Billy Loes: TotalZone Rating: not aplicable

A flaky right-hander with the Brooklyn Dodgers, Loes was notorious for his on-the-field mental lapses, which is exactly the kind of characteristic that can make a pitcher a fielding liability. After all, Loes once claimed that he lost a ground ball in the sun!

The best of the rest: Earl Williams (catcher), Mo Vaughn (first base), Juan Samuel (second base), Alan Bannister (shortstop), Butch Hobson (third base), Gary Matthews (left field), Ralph Garr (center field), and Pedro Guerrero (right field).

References & Resources
I’d like to give special thanks to the members of The Hardball Times staff, particularly Joe Distelheim, Dave Studeman, and Steve Treder, for their input into this article. Also, acknowledgment should go to Sean Smith, for developing his detailed defensive ranking system, known as TotalZone.

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Comments

  1. gdc said...

    Thought Guerrero’s adventure at 3B eclipsed his OF career, but he doesn’t compare to Joel (.887 fielding) Youngblood’s 1984 visit to the hot corner, lower than Ryan Braun’s rookie year there.

    If you are really talking about bad hands rather than just bad defense, the description should let Giambi off.  What I was expecting to see are the guys like Offerman and Richards who had the speed or arm but just managed to not handle balls they did touch either from reflexes, inattention, or footwork moving them into positions where even good fielders could not react to the bounce regularly.  I also thought most of Hobson’s badness was throwing accuracy rather then not collecting the balls he could reach.

  2. Bruce Markusen said...

    gdc, Hands of Stone was just a creative name I applied to the team. These players are listed here for poor defensive ability, based on a combination of everything: lack of range, bad throwing arm, bad hands. It’s meant to look at the total package defensively.

  3. Steve Treder said...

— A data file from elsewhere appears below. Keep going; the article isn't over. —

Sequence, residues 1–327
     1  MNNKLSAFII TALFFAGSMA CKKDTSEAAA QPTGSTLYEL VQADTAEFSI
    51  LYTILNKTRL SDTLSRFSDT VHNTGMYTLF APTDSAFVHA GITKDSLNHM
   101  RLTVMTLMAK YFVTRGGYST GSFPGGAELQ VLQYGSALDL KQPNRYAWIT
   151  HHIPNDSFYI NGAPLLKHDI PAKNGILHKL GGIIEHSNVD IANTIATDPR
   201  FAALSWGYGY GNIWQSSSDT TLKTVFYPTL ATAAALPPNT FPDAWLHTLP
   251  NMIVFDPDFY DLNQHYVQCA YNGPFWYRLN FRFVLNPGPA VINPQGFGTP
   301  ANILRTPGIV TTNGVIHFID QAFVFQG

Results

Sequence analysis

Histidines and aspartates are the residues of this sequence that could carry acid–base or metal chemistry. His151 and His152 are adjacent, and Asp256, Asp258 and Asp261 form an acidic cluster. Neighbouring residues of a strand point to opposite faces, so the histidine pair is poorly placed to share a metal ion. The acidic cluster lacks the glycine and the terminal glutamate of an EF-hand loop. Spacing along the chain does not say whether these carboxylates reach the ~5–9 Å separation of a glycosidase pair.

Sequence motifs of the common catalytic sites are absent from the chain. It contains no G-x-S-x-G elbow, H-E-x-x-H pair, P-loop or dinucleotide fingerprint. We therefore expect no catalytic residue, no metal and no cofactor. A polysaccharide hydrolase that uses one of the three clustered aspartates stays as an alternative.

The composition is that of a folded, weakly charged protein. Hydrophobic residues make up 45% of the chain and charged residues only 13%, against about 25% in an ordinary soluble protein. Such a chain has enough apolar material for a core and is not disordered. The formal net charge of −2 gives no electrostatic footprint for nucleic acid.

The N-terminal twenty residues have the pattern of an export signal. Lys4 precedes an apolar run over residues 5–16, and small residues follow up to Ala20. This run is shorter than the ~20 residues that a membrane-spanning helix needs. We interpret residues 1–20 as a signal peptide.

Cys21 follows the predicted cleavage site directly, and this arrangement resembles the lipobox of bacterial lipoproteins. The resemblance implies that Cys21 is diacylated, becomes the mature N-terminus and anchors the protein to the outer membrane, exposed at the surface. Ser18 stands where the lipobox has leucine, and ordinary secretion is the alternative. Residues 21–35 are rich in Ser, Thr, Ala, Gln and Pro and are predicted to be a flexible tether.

Regarding Alan Knicely:  I distinctly recall watching a game on TV when Knicely was playing for the Cardinals, so it had to have been 1986.  Knicely was playing first base, and went into foul territory to attempt to catch a pop-up … but missed the ball and it hit him right on the side of the head.  OUCH!

    His St. Louis teammates, of course, thought it was the funniest thing they’d ever seen.  The TV camera panned across the dugout, and you never saw people laughing so hard.  Coach Red Schoendienst looked like he was going to have a coronary he was cracking up so profusely.

    Ah, ballplayers.

  4. stevebogus said...

    How did Nolan Ryan get overlooked? A career .895 fielding percentage and easy to steal on. Plus with all those strikeouts he’s the perfect pitcher for this team since you want as few balls in play as possible.

  5. Paul Wootten said...

    Phillie fans in the 70’s will remember Luzinski standing in left field with his back toward CF.  The understanding was that he was responsible for everything from his nose to the left field line.  Garry Maddox went after everything from the Bull’s rear end to left-center.

  6. Wade Swormstedt said...

    I remember Alex Johnson being particularly bad in LF for the Reds. And when the Reds still had Doggie at 1B, Driessen had to play 3B, and his throwing errors cost several games. But he ended up being pretty good at 1B scooping up bad throws. As for nicknames, what about Larry Biittner? 2 i’s, 2 t’s, no hands.

  7. Travis M. Nelson said...

    Not that he was as big a name as most of these guys, but NY Giants right fielder DOn Mueller was apparently not much of a fielder (career -15 in TZ despite playing in fewer than 1100 games).  The story goes that he once asked Willie Mays if it was true that he was the best center fielder in the league.  Mays’ deadpan response was,

    “The best right fielder, too.”

  8. Dan J said...

    Bill James mentions Luzinski and Kingman in his the revised Historical Baseball Abstract, comparing Luzinski as outfielder to Herman Munster and quoting Richie Ashburn’s take on a delay of game to fix Kingman’s glove—“they should have called a welder.”

  9. Joe Pilla said...

    As a Mets fans—reading this list of defensively-challenged notables, and, naturally, encountering the names Kingman and Samuel—I was induced to take two Ibuprofen and lie down before replying.
    Anyway, here goes…

    I once attended a Phils-Mets game at Shea in the early 80’s where Kingman, allegedly manning first base, demonstated in breathtaking fashion his versatility at the position. Whether falling down while pursuing a fearsome foul pop, fanning at a grounder and a throw, or flipping a ball over an incredulous teammate, he stunned us in Section 2, upper deck—an admittedly hard-bitten bunch—into silence.